Uraharajuku, fashion, and blogging for Crunchyroll (again)

It’s rare to find a series that focuses on fashion beyond a unified aesthetic and looks at current trends, especially when it comes to the ephemeral nature of Japanese street fashion. However, URAHARA, despite a few flaws in visual direction and dialogue, tackles just that in a way that, even if unintended, is interesting in context of the current Tokyo street fashion climate.

With this post, I’d also like to announce my return to the Crunchyroll features team. You can find my first post on URAHARA and the current climate of Harajuku street fashion here.

Like last year when I blogged Orange and Kiznaiver, I won’t be putting up posts here announcing my Crunchyroll articles, unless I receive overwhelming feedback requesting this.

Thank you!


She’s Coming Down Fast: Helter Skelter

liliko, ririko, helter skelter manga, helter skelter, kyoko okazaki

To celebrate my 30th birthday, I had thought of re-reading Edith Wharton’s House of Mirth, thinking I could possibly appreciate it more now that I was on the cusp of social insignificance. As it turned out, I did not pay a visit to Lily Bart and her society cohorts; however, the day following my birthday, I ended up reading Kyoko Okazaki’s Helter Skelter.

While it certainly did not put me in a cheery mood about growing older, I’m fortunate to have read it when I did.


Fashioning a Life From Fiber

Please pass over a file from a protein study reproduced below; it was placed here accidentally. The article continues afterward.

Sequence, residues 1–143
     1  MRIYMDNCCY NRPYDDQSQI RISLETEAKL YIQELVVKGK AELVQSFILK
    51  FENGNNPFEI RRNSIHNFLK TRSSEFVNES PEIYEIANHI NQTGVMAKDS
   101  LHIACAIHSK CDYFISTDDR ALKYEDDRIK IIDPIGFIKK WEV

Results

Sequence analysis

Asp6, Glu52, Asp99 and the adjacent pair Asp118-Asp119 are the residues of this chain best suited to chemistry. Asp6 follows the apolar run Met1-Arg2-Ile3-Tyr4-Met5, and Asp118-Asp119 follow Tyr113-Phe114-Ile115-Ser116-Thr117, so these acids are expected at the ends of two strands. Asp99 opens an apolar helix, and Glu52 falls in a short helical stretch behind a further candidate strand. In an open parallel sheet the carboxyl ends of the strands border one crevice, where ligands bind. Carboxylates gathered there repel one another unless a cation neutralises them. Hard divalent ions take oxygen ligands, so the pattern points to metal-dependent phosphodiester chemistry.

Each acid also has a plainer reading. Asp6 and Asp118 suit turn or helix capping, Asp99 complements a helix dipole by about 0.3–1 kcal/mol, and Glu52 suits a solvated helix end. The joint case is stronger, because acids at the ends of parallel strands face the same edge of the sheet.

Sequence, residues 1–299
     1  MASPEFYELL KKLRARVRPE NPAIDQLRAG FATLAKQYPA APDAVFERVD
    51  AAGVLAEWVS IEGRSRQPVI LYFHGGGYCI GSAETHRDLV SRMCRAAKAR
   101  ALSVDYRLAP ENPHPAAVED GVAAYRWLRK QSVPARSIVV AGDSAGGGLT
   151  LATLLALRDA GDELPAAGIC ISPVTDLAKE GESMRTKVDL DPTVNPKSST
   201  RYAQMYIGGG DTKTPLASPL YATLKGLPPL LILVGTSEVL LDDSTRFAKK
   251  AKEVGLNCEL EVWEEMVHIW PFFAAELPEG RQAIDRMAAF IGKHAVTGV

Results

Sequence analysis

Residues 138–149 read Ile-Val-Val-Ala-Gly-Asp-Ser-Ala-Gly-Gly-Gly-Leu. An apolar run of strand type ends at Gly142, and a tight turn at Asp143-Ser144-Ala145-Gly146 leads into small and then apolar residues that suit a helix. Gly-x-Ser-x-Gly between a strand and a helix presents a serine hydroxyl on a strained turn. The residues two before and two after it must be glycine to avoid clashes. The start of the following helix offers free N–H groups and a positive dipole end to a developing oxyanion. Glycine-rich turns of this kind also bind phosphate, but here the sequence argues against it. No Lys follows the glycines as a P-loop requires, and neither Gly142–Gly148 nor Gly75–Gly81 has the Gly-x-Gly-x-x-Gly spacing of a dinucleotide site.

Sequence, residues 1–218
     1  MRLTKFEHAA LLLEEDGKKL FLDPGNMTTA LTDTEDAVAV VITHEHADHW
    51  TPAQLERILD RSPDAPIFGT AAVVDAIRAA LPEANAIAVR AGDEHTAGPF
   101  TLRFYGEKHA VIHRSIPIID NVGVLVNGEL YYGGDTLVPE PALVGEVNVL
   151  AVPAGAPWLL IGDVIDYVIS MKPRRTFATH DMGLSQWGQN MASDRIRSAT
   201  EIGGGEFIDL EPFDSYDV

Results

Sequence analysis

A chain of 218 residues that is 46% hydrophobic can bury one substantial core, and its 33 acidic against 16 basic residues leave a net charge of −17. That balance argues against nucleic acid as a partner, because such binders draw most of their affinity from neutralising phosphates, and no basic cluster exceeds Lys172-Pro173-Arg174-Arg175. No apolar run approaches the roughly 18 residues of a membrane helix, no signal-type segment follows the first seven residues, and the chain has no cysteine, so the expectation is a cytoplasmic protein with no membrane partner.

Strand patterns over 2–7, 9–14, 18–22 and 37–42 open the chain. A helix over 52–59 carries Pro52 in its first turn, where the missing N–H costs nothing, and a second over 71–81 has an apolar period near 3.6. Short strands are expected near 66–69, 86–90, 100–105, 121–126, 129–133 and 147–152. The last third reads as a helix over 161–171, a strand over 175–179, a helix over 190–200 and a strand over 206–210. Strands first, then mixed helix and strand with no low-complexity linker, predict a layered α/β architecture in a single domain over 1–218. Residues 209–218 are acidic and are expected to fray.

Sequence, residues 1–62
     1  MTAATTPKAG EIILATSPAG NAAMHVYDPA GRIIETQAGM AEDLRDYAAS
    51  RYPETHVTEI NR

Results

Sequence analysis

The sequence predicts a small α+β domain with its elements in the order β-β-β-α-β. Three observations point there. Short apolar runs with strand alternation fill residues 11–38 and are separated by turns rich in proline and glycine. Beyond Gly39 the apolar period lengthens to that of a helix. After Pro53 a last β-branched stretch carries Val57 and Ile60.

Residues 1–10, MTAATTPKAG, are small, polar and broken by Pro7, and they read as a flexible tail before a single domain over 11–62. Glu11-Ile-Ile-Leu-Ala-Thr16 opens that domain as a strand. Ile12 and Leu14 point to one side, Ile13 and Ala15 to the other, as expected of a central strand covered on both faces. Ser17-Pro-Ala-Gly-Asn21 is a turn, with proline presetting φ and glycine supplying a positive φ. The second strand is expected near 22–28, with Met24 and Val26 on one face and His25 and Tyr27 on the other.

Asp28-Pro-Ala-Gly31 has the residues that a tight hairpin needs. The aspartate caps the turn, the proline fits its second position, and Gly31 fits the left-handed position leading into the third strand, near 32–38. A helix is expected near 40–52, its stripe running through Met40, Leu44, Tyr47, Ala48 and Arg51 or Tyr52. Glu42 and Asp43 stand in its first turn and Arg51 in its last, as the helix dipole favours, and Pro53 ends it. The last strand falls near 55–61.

ryuuko matoi, ryuko matoi, ryuko life fiber, kill la kill

“Humans are clothes-wearing pigs. In that case, I will dominate them. Rule over them.”

-Satsuki Kiryuin, Kill la Kill

When I was in my last year of junior high school, I bumbled my way through a grueling week of standardized tests for various preparatory schools. I ended up choosing none of them, and attended the town public school as originally intended – regardless of whether I would have presumably had a better education – in order to be with my friends.

Upon graduating, my only regret in not attending a private institution, much like my decision on where I would receive my high school diploma from, was based solely on fashion. I wanted to have worn a school uniform.

Yes, I was one of those disgusting “pigs in clothing” that Satsuki Kiryuin loathes.

Kill la Kill continues to have interesting thoughts on clothing, how it affects the attitude of the wearer, and how the attitude of the wearer affects the way that article of clothing is presented, and received by, a viewer. In episode five, the series shows Ryuko Matoi has come to accept Senketsu, her vampiric sailor uniform, as a friend. Likewise, Senketsu is shown to care for Ryuko’s life above his own. This is opposed to Satsuki’s viewpoint, which requires dominion over Junketsu.